He flashed a boyish smile. “I got to level 24 on Squadron Zero. I’ve never been there before. God! It’s so intense! You’re constantly a finger-snap away from everything going straight to hell. You have to decide on the action and execute the action at almost the same moment, or you’re dead. What a buzz!”
            I had no idea what to say. My great physical pleasure inspired by a video game? I was torn between slapping him silly or telling him to by all means, go play some more! I was sitting on the edge of my bed, puzzling this out, when Harvey knelt behind me and started a neckrub. At this, he was an absolute artist. No one else ever applied enough leverage. He could reach all these places far beneath the skin. But there was the pattern again: absolute weirdness followed by immediate compensation.
            “I have other news,” he said. “I got a job.”
            I decided not to look at him; I was afraid I would look too relieved. “Really? Where?”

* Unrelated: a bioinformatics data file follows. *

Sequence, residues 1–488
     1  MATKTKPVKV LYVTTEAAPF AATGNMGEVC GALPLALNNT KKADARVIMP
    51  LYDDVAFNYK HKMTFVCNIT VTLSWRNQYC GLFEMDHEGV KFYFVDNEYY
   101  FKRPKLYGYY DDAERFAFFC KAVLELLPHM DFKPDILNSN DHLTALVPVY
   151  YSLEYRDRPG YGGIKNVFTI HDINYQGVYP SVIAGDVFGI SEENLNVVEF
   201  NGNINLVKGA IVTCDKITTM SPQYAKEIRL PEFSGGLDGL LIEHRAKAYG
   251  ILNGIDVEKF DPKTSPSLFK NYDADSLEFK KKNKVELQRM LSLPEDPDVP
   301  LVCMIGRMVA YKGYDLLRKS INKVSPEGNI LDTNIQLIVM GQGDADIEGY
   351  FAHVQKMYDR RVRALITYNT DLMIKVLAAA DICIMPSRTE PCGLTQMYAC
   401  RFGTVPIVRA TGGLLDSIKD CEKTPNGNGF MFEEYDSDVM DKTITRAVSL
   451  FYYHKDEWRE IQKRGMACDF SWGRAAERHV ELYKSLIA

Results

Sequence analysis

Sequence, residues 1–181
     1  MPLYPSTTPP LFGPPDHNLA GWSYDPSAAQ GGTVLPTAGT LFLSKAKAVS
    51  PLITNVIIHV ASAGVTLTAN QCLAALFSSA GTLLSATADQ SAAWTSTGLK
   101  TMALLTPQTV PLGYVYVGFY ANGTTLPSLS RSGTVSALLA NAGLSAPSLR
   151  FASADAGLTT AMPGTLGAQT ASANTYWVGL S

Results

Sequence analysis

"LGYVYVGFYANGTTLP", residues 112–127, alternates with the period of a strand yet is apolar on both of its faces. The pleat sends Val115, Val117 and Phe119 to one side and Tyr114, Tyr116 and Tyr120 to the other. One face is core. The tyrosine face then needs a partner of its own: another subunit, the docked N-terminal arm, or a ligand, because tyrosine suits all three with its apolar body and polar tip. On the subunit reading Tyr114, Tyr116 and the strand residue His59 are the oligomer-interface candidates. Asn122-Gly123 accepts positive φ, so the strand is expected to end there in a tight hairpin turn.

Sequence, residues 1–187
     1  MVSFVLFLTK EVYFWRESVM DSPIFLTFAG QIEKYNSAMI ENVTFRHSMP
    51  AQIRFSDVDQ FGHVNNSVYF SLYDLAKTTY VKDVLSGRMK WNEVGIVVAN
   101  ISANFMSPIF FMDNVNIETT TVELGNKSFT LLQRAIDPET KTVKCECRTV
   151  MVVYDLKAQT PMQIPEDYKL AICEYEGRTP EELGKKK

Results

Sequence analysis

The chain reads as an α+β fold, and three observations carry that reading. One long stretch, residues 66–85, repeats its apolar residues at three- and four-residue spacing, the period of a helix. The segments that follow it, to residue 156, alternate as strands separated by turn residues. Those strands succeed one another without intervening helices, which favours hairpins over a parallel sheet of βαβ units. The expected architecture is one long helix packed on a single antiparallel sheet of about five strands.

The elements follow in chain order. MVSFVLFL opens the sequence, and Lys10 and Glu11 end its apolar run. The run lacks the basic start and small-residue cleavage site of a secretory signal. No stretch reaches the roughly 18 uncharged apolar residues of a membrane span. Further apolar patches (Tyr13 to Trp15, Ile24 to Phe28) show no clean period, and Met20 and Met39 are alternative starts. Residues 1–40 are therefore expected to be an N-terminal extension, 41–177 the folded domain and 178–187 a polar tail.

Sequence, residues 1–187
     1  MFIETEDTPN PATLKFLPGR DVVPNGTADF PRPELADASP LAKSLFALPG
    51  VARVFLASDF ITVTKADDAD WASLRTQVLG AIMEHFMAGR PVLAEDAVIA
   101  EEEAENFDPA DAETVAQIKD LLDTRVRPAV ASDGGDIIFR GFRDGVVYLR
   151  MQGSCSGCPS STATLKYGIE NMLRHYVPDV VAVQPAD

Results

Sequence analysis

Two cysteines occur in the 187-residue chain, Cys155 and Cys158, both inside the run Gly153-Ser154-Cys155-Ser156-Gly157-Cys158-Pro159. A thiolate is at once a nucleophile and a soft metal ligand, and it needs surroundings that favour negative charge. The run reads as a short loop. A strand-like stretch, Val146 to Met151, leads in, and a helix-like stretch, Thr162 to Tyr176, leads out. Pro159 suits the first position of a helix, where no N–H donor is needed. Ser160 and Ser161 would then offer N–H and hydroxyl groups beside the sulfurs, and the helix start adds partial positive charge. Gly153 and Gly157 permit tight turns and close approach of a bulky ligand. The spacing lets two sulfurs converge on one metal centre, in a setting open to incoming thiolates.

“That’s the killer. It’s right across the street – the little center with the pawn shop? On the far side, there’s a store that sells video games. And now, I sell video games.”
            Like an alcoholic working in a bar, I thought, but I bolted my smile firmly in place. “That’s wonderful!”
            “I’m also joining the Army National Guard.”
            And there I was, puzzled again. “I’m not sure I…”
            “My dad used to do it. It’s a great deal. One weekend a month, and a two-week training camp once a year. The benefits are great – maybe even some money for college. And it’s based at Ft. Lewis, which is, like, twenty miles from here. And as far as the danger, you’re only called to duty for floods, riots – the occasional alien invasion. Meanwhile, I get to play with some pretty wicked toys.”
            “Jesus!” I said. “When you get going, you really get going. Just be careful with those toys. I intend to get a lot more use out of you.”
            “I’m sure they’ll keep me in line,” he said. His neckrub stalled out. “Would you mind if I, um… killed some fucks before bedtime? I’m still pretty wired.”
            I turned around and gave him a kiss. “Yes, honey. Go kill some fucks.”
            I rolled over and drifted right to sleep, thinking that this was not the kind of pillow talk that most girls took to dreamland.

Photo by MJV